Philippines rejects Chinese sea patrol

The Philippine government expressed its objection to China’s plan to intensify patrols on the contested islands and waters in the West Philippine Sea (South China Sea).

Philippines rejects Chinese sea patrol

Raul Hernandez, spokesman of the department of foreign affairs, said that patrol activities in the disputed territories are “contrary to China’s obligation” under the international law, including the 1982 UN Convention on the Law of the Sea (Unclos).

“The Philippines strongly objects to the Chinese patrol of Philippine maritime domain in the West Philippine Sea,” Hernandez said.

He urged China to “act responsibly” and refrain from taking further actions that would escalate the political and diplomatic tension among claimant-countries.

Portions of the West Philippine Sea are being claimed by the Philippines, Vietnam, Malaysia and Brunei Darussalam.

China and Taiwan claim about 90% of the region based on their nine-dash line, which can be found in ancient Chinese maps. But although Beijing and Taipei have similar claims, China has been more aggressive in pressing its claim.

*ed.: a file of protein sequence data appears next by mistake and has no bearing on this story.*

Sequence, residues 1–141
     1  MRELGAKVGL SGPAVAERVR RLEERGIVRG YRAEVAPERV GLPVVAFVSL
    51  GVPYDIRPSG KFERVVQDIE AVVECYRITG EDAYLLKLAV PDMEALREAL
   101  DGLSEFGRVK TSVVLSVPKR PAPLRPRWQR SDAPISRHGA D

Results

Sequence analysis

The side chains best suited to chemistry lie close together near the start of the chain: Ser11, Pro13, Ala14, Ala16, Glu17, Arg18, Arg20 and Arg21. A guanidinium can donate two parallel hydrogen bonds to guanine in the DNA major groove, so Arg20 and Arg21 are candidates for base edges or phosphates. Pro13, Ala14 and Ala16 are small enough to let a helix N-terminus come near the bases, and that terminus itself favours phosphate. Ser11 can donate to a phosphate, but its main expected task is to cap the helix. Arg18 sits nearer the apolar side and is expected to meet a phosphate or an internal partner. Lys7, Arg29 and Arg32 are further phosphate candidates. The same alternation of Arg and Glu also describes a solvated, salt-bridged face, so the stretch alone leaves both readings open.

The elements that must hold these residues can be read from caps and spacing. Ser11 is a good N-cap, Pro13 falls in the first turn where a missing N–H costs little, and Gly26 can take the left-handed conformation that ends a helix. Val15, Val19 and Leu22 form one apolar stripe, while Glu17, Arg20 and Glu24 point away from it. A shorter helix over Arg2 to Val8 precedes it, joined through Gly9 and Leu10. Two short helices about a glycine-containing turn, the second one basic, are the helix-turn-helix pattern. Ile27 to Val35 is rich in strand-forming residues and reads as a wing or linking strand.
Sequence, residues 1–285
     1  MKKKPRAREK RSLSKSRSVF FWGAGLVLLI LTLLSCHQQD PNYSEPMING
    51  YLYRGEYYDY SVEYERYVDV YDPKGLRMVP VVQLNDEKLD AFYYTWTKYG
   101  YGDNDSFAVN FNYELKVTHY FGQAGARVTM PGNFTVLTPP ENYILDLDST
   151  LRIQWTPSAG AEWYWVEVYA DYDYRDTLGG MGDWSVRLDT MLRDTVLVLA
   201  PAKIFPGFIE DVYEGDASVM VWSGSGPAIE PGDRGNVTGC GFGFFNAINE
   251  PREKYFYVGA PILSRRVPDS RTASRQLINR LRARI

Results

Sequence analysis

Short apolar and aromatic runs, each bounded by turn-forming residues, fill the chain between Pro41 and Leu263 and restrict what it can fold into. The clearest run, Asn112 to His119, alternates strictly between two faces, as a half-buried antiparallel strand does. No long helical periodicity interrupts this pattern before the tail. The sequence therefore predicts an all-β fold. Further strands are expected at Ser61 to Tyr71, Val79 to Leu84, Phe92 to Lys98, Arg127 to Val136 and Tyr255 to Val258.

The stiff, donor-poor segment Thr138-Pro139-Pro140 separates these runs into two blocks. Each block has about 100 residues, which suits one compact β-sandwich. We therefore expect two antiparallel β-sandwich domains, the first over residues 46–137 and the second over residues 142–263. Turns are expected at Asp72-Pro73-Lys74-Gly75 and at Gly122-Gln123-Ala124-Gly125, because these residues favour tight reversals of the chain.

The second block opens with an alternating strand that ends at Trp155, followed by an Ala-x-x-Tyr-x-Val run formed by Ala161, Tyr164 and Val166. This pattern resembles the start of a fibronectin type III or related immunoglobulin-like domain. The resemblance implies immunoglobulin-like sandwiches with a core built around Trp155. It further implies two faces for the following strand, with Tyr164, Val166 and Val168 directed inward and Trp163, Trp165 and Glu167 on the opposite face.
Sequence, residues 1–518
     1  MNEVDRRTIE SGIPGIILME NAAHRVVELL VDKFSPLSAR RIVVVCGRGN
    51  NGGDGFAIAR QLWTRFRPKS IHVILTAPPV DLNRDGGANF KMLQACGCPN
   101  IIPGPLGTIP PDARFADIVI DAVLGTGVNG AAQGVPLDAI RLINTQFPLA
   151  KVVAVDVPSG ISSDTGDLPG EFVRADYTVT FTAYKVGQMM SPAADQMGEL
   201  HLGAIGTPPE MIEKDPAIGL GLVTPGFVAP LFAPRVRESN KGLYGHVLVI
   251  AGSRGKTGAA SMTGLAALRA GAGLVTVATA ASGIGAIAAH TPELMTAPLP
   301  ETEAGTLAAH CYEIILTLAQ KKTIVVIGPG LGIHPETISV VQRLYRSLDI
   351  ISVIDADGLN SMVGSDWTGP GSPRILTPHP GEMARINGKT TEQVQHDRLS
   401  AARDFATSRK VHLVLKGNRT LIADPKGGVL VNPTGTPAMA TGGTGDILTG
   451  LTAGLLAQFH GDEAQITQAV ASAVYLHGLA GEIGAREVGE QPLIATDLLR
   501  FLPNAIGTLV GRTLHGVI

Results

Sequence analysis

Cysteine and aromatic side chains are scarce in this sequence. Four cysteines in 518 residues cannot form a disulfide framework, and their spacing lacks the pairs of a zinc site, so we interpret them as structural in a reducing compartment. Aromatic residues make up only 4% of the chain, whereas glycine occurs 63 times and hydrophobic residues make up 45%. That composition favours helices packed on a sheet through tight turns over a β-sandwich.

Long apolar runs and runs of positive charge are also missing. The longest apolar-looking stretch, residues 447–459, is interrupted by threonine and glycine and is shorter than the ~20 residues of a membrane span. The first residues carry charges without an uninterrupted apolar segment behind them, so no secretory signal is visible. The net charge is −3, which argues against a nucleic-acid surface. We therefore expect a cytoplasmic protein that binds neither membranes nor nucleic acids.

“We continue to call on China to act responsibly and refrain from taking further action that will heighten tensions in the region,” Hernandez said.

“The Philippines exercises sovereign rights over the waters and features in the EEZ (exclusive economic zone) and continental shelf in the West Philippine Sea,” he added.

The EEZ is a 200-nautical mile delineation provided by Unclos to allow countries to exclusively explore and exploit the resources of the area.

On Monday, a report from the Chinese government’s web portal said that “routine fishery administrative patrols” will be conducted “to better safeguard the legitimate interests of Chinese fishermen” in the West Philippine Sea.

Wu Zhuang, chief of the South China Sea fishery bureau under the ministry of agriculture, said that carrying out routine fishery patrols in the territorial waters surrounding the Spratly Islands will be the top priority in 2013.

The Philippines and China were signatories to the Unclos, which defined ownership of coastal waters, exclusive economic zones and continental shelves of each country. The Unclos had stated that the 200 nautical mile, exclusive economic zone, which is measured from the country’s coasts belonged to the Philippines and was therefore the only country which is allowed to explore or acquire maritime resources within the area.


  1. You have made some really good points there. I checked on the web to learn more about the issue and found most individuals will go along with your views
    on this site.

    my site: raspberry ketone diet


Post a Comment